Pop Tarts then, now & forever
Country Squares were fruit-filled toaster pastries (usually frosted) with a dry, biscuit texture, innovatively packaged in foil for maximum shelf-stability. And preparation couldn’t be easier: They could be toasted or not, depending on consumer preference. (Post introduced the breakfast treats along with a new 60s cereal called “Bran and Prune Flakes,” which was definitely not a success story.)
You’ve probably never heard of Country Squares, but doesn’t the idea sound familiar?
Sounds an awful lot like Pop Tarts, to us!
Yep — that’s because by announcing the invention of this new pastry before it actually hit the market, Post gave an advantage to their biggest competitor, Kellogg’s, who rushed development of their own version — and had it on the market in six months.
In a nod to Andy Warhol and the pop art trend that was all the rage during this modish era, Kellogg’s named their version Pop Tarts. And the rest was history.
Pop Tarts shot to instant popularity; the first shipment sold out so quickly that Kellogg’s ran ads apologizing for the empty shelves.
And between then and now, the brand has only gotten increasingly more profitable. Not even a more health-conscious population has blunted the popularity of this convenient breakfast staple — 2 billion Pop Tarts are sold each year.
Boxed cold cereal with milk was already a time-saving breakfast innovation embraced by mid century housewives and their families, but when toaster pastries like Pop Tarts came onto the scene, it was even more of a game-changer.
REMEMBER THESE? 60+ of your favorite vintage breakfast cereals from the 60s
Shelf-stable for easy and long-lasting storage, they technically didn’t even need to be toasted (in fact, polls show that half of us actually consume our Pop Tarts untoasted). They were the ultimate grab-and-go breakfast, after-school snack or anytime snack, really.
While toaster pastries like Pop Tarts heralded a revolution in how Americans breakfast, they also led the way in innovating how toasters would be used. Before Pop Tarts were invented, toasters really only had one purpose: toasting bread.
Later, food companies experimented with their offerings of toaster foods, including a variety of frozen pastries, waffles and pancakes, veggie burgers, and more.
(And in a delightful full-circle twist where it’s in fashion to make the convenient inconvenient: By the 21st century, food bloggers everywhere were developing and posting recipes for homemade copycat Pop Tarts.)
We hope you enjoy this virtual tour of vintage Kellogg’s Pop Tarts commercials and ads!
Vintage Kellogg’s Pop Tarts flavors (1965)
Flavors shown include strawberry, Concord grape, raspberry-apple, brown sugar cinnamon, apple-berry, and blueberry.
Pop Tarts toaster pastries ad from the 60s (1965)
New! A wonderful breakfast treat — grand for lunch and snacks, too.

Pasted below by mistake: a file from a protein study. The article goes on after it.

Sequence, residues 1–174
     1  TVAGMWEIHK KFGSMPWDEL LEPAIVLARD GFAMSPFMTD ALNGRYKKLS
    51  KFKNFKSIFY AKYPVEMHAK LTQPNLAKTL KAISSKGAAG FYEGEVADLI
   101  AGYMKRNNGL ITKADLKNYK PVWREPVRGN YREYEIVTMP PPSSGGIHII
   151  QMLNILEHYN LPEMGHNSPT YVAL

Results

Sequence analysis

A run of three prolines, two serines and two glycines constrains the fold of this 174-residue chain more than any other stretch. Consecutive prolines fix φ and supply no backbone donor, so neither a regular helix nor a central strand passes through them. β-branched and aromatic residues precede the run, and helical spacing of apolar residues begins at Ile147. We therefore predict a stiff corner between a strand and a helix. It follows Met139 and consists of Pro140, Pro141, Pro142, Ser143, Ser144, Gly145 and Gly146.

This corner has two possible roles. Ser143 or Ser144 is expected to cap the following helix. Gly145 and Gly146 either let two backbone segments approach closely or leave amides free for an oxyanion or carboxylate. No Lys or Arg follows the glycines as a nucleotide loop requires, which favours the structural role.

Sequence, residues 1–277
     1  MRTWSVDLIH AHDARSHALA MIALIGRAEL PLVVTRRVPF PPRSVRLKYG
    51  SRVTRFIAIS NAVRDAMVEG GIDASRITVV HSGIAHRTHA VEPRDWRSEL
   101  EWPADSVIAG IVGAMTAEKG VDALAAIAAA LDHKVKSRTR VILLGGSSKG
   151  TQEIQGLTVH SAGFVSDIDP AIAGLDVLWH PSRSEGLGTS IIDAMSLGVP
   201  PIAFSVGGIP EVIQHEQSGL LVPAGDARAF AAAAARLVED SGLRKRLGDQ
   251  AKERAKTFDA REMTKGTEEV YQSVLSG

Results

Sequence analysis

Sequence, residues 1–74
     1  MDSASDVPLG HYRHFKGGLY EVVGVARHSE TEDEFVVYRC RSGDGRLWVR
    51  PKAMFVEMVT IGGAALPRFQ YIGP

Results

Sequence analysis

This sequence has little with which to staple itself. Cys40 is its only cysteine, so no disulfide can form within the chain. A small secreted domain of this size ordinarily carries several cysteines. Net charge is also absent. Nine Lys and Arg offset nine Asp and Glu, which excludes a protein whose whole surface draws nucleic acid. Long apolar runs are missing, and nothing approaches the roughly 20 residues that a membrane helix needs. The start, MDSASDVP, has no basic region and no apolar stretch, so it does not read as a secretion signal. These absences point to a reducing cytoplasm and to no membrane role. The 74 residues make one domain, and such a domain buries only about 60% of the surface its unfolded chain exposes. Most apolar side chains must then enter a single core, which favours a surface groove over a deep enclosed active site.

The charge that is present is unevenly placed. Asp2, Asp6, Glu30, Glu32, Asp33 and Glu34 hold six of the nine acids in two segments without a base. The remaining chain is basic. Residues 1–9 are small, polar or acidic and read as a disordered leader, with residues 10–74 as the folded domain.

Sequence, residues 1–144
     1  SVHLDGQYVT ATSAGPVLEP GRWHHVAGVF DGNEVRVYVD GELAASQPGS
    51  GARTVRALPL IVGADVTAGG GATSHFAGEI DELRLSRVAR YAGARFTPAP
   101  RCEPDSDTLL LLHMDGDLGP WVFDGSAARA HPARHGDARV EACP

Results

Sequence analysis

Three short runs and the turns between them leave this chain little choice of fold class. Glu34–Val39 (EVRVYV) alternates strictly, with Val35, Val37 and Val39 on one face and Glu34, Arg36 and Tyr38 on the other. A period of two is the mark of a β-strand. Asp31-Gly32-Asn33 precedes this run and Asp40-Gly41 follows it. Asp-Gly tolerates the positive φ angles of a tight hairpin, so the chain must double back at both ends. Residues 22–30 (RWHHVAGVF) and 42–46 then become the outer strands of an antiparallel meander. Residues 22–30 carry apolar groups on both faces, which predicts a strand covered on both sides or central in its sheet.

Pop-Tarts are new tasty, tender pastries, already baked — from Kellogg’s Kitchens. There are four kinds— each filled with a different and luscious flavor. All are made with pure vegetable shortening.
You get six big Pop-Tarts in each package, sealed in foil envelopes to stay fresh without refrigeration. Always ready for a delicious change-of-pace breakfast — or for lunchboxes and after-school snacks.
Comes in strawberry, blueberry, apple-currant, and brown-sugar cinnamon flavors.
Classic Frosted strawberry Pop-Tarts packaging (1968)
Vintage 1970s Frosted Pop Tarts box fronts: Blueberry and Brown Sugar Cinnamon
Pop-Tarts Milton the Toaster commercial (1975)
Retro apple-cinnamon Pop Tarts (1991)
Pillsbury Toaster Strudels: A competitor hits the shelves (1992)
Any similarity between Master Strudel and Pop-Tarts is purely coincidental.
Toaster Strudel has 16 layers of light flaky pastry — Topped off with creamy do-it-yourself icing — Plenty of juicy filling
Something better just popped up in your grocer’s freezer
Kellogg’s mission statement and retro Pop-Tarts varieties (1994)
As with cereal, Kellogg Company’s research and development investment in convenience foods creates the foundation for a continuing stream of high-value new-product introductions.
Kellogg Company takes full advantage of its brand leadership by maximizing the development of diverse distribution channels for Kellogg’s products.
For example, the Company has nurtured a high-growth foodservice business, featuring Kellogg’s products in restaurants, institutional dining facilities, vending machines, and other away-from-home settings.
Recently launched products such as Kellogg’s Rice Krispies Treats squares and Kellogg’s Pop-Tarts Minis pastry snacks offer substantial new foodservice opportunities.
This continued leveraging of brand leadership — in both cereals and convenience foods — will be a major driver of Kellogg Company’s continued global growth in 1995 and the years that follow.
Ad shows Pop Tart flavors such as frosted strawberry, brown sugar, and cherry, with s’mores and apple-cinnamon flavors as well.
Pop Tarts Minis (1994)
Pop-Tarts Minis in frosted grape, strawberry, and chocolate.
Wild Magicburst color sprinkles Pop Tarts (1999)
Drop them in the paster and the sprinkles change colors. Bite into the delicious blue and white striped filling, and your tongue explodes with blue raspberry flavor. It’s the wildest thing your mouth has ever seen.
Old-school: Vintage Pop-Tarts Snak-Stix (1999)
Pop-Tart Strawberry Snak-Stix — For kids on the go, go, go! (1999)
Introducing Pop-Tarts Snak-Stix.
Wait’ll you see how kids go for real graham crust, real fruit filling, and the most snackable, snappable shape ever to come in a resealable package.
So hand them frosted strawberry or frosted berry flavors and they’ll be good to go.